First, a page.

This is punk! Even more punk than Julien Temple's "The Filth and The Fury", the great documentary about the Sex Pistols and England in the late 1970s. Presented are a few young individuals who think alike and don't waver for a second to present their own opinions. They're unique - just like the rest of us - and just so you know, just because disco came around, doesn't mean punk's dead.
We're shown families, their lives, their honesties and lies, and what makes them tick; I think this is one of Moodysson's biggest strengths as a director. And he's used unknown actors, which is another one of his strengths.
This film is not nostalgia, but a document of what life can really be like. Just as Joakim Thåström sings in one of the soundtracks to the film, you're encouraged to stay a rebel - and this is just one of the many ways to stay one.
It's a hardcore film that's cute, sad, very funny, very Swedish and human from the core on out. The script is great, the dialogue should be a blueprint on how Swedish realism should be, Moodysson still claims the throne as the best living Swedish director, and this film will live on forever. I really hope this gets syndicated throughout the world, because that's what it deserves.
Odd and wonderful
First of all, I loved how this film was wholly unapologetic. It feels like the work of someone who's done what they wanted, without compromise. Still, this is not without its merits and problems. While the film stands out as odd and, as such, interesting without knowing more about it, I feel that it could have gained by using more traditional work on the plot, a little like Wim Wenders did on "Paris, Texas", or by Gus van Sant's "Paranoid Park", which are both odd films where the somewhat straightforward plots worked wonders without taking away from the unusual contents. Having said that, this film is filled with wonderful, everyday, never-before-seen imagery with wonderful human beings, a fresh view of presenting a film, photography where the object of a shot is rarely in the center of the image and a storyline that goes a bit all over the place - thank Bog for that. All in all: recommendable, and gets better as the film progresses.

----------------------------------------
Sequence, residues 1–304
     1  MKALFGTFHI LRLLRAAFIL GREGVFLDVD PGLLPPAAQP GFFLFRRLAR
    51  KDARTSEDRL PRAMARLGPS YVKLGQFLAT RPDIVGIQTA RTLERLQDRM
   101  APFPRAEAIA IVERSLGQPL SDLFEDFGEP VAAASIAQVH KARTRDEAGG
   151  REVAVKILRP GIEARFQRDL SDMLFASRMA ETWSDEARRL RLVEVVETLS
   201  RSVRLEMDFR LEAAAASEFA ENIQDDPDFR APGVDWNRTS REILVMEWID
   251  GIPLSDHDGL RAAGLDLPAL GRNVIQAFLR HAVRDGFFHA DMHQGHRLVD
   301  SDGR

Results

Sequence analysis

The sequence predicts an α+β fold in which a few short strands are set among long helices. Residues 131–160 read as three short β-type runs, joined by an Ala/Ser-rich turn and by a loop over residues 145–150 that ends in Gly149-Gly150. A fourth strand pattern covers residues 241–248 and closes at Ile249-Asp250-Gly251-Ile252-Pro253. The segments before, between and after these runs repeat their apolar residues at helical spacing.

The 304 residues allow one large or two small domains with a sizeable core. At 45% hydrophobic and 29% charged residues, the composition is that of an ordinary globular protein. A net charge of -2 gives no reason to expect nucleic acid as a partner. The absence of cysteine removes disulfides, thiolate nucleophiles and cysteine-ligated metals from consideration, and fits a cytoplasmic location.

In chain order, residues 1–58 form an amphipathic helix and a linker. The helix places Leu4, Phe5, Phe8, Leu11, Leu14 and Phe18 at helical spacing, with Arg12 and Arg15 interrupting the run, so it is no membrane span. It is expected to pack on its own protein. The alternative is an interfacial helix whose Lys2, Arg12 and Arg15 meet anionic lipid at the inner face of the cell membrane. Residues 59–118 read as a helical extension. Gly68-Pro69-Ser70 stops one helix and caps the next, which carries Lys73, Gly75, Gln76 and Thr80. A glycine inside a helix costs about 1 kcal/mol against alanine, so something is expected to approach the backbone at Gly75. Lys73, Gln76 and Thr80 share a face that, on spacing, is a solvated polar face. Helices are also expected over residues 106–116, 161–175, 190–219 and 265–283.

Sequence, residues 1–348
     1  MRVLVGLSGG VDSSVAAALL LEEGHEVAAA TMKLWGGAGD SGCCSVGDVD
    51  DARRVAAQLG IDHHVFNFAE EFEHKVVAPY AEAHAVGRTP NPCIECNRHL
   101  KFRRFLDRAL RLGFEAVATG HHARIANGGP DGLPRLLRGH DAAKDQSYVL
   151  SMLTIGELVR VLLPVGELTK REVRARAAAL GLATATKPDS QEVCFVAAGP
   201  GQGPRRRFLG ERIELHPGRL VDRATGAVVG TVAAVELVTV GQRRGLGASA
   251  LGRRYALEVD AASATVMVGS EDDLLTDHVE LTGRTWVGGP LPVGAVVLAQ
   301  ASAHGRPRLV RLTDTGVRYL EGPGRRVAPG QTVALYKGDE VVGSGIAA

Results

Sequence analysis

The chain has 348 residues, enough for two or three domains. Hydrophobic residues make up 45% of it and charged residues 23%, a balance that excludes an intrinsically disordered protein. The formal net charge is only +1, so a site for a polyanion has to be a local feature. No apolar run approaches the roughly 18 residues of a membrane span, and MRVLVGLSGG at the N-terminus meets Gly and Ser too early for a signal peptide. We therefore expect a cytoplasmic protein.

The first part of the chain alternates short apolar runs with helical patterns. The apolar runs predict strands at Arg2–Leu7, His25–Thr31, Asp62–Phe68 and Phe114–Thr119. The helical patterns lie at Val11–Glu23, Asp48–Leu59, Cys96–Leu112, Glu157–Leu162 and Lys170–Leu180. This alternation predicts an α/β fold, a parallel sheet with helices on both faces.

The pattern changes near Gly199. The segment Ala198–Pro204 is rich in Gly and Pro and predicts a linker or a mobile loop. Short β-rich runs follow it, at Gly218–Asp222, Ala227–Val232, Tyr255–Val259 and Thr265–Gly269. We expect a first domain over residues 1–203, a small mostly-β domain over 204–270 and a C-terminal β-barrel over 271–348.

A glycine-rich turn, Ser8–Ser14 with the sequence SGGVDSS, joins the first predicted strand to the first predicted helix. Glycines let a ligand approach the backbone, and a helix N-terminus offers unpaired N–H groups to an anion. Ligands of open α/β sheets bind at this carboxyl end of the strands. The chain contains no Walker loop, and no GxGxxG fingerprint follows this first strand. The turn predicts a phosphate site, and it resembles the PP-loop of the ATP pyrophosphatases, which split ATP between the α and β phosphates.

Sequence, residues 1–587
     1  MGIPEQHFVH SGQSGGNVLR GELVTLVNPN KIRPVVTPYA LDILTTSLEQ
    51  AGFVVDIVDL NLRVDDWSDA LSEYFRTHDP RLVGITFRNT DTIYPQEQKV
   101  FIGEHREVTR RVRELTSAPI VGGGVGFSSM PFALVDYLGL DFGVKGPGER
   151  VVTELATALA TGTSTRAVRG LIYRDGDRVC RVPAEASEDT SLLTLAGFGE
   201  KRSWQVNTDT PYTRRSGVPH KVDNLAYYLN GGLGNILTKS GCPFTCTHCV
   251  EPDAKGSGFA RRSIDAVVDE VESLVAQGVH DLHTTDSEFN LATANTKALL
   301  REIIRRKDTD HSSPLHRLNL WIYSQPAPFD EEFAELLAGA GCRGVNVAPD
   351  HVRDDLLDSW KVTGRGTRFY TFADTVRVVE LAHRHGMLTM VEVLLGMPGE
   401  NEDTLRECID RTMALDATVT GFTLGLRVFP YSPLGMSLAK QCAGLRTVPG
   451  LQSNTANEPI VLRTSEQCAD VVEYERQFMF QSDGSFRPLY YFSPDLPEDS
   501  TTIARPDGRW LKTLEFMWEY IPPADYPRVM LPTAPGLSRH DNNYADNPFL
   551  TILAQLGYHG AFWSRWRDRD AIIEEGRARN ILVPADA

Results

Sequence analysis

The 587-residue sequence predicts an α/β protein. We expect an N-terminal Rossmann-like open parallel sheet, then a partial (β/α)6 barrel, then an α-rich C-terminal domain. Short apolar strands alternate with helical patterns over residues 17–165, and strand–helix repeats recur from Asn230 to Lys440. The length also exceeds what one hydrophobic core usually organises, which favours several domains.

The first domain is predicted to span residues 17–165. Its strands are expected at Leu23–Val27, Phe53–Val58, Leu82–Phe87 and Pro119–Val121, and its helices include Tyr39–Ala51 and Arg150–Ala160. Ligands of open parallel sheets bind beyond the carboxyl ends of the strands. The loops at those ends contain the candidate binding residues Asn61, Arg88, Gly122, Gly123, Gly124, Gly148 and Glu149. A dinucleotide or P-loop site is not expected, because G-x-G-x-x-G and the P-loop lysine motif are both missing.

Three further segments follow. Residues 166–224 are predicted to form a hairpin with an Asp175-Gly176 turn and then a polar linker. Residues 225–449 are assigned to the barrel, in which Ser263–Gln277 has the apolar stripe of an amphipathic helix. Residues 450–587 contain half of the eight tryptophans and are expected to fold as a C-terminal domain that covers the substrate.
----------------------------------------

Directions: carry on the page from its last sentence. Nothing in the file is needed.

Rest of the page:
Fair yet flawed
Swedish films are often plagued by the same problems: campy acting, unbelievable dialogue (definitely in the bad sense of the word) and a crappy plot. This film, however, shows younger blood and a lot less stodge than most of what's been made in Sweden over the past 100 years. It is a modern, not too over-the-top story of abuse between an abuser and the abused, where both they and their environment is concerned. The acting is mostly good, even though I feel that Skarsgård saves the couple where Åström fails due to her acting. Good direction, fair script, but there should have been more work done to make the timing work. I would have loved something more to turn this film up a notch, to make it feel more real and to really burn the viewer and make it feel that yes, relationship abuse is a pandemic. Overall: recommendable, and leaves a bad taste in your mouth (in the good sense).
Sommaren med Göran (2009)
Mia and I watched "Once in Phuket" a while ago. I gave it 1/10 without blinking and would rather forget it. "Sommaren med Göran" is worse. We saw it tonight.
Right now I long to see the most depressing film ever, just to feel something. No, nothing special has happened to me, the film is the reason that I feel this way. I think of the movie "G" where Nazi band sang the line "You are bursting with apathy." I'm bursting with apathy right now.
I'm totally honest now. I really try not to pick cheap points or make fun at someone's expense. Suddenly I feel like I need to express myself, therapeutically, in a different way than when I visited Auschwitz.
Seeing Peter Magnusson's movies makes me ask myself so many questions:
Why does he write them? Where does he get the money to do them? Do the movies sell? How do people feel when they have seen them, if they are able to feel afterwards? Does he really think he is funny, and he has reached some kind of deadline that must be met, whereupon he fills a movie with platitudes and non-jokes? Note: this film is supposedly a comedy. Why does Stockholm display throughout the movie? It is neither beautifully filmed nor fills any function.
Mia wondered why the film is called "Summer with Göran"; indeed, why? It doesn't take place over an entire summer, just a few days, and if the title is just a pastiche of "Summer with Monika", I think Magnusson deserves even more crap than he gets here and now.